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I bought an overseas property 5 years ago at £100,000. I became a UK resident on 1/1/2020. I sold the overseas property on 31/3/2020 for £300,000. The valuation of the said property on 31/12/2019 (a day before I became a UK resident) was £250,000. Would my capital gain be £200,000 (sale proceeds £300,000 less cost £100,000) or £50,000 (sale proceeds £300,000 less £250,000 being the portion the valuation increased since I became a UK resident). My logic is the increase in value when I was a non-UK resident should not be subject to UK tax. Am I correct to make such argument?

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  • My suspicion (from what I've found so far) is that you're out of luck.. I get the impression that you were living (but not "resident") in the UK when you bought the property, and therefore it wouldn't have been your primary residence prior to getting UK residency. Is that correct?
    – TripeHound
    Oct 28 '20 at 10:50
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Disclaimer: I am not a tax-advisor; this is not tax-advice.

Unfortunately, I have not found any evidence to support your hope that you are only liable for Capital Gains Tax (CGT) on the gain since becoming UK-resident. However, taking double-taxation rules into account it may not make much difference.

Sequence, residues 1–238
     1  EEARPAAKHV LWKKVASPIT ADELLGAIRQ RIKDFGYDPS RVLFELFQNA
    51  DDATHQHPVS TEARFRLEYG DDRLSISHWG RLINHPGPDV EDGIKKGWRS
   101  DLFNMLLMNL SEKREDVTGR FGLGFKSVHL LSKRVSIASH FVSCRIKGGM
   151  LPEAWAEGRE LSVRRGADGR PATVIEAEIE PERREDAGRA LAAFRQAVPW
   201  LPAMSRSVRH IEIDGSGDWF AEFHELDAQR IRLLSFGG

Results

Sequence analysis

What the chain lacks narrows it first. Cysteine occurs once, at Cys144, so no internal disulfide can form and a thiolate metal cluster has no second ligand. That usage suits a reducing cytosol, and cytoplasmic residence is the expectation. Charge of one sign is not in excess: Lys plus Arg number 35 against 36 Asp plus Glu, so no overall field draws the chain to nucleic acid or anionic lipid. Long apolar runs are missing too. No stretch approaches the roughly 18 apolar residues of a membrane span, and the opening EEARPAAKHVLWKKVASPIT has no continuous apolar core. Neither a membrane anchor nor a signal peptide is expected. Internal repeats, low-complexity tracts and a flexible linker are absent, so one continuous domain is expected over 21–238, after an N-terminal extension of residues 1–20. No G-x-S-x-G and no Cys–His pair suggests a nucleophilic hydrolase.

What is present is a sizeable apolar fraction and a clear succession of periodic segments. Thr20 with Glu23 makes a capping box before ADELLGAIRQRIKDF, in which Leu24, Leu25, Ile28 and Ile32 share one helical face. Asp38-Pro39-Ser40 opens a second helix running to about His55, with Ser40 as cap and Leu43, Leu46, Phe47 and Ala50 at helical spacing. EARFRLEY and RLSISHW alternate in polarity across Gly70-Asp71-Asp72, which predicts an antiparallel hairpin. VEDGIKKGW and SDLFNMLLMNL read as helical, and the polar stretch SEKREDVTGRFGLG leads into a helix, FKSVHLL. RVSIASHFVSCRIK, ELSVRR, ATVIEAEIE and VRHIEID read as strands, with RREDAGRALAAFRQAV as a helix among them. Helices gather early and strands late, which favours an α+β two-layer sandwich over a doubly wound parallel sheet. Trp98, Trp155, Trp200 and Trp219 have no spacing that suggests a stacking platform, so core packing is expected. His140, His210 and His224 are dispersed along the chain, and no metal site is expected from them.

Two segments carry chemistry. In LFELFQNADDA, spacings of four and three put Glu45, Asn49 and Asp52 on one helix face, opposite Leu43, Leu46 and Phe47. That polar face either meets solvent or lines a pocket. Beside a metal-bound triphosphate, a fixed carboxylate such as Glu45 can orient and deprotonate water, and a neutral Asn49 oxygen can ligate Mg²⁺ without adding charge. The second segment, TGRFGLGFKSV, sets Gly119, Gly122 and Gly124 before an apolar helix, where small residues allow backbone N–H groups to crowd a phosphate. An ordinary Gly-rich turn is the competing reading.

There is much about whether you are liable to pay CGT (more on this below1), but assuming you are liable, everything I've seen (e.g. Tax when you sell property - Work out your gain from Gov.UK) just talks about the difference between the buying and selling price:

Your gain is usually the difference between what you paid for your property and the amount you got when you sold (or ‘disposed of’) it.

While there are exceptions around gifts or inheritance etc., I've not seen anything to indicate the "cost basis" should be taken from when you became UK resident.

This "fits in with" how potential double-taxation works. The principal here is that if two countries (the one where you are resident, and the one where the property is) both tax capital gains, then you are liable for tax in both countries. In many cases (where a suitable treaty exists) you can then claim relief for having been taxed twice. See, for example, Selling property abroad – the tax implications from the website of accountants Haines Watts (my emphasis):

Whether you need to pay tax on the proceeds of the sale in the other country will depend on the local tax laws. Most countries will tax a gain on real estate located in that country, but local capital transaction taxes may also need to be considered.

If a gain is subject to tax both in the UK and the country where the property is located, then it is usually possible to claim double tax relief so that you are not effectively taxed twice. How this relief works will again depend on which country the property is situated in – the UK has double tax treaties with a large number of countries which are designed to reduce or eliminate any element of double taxation.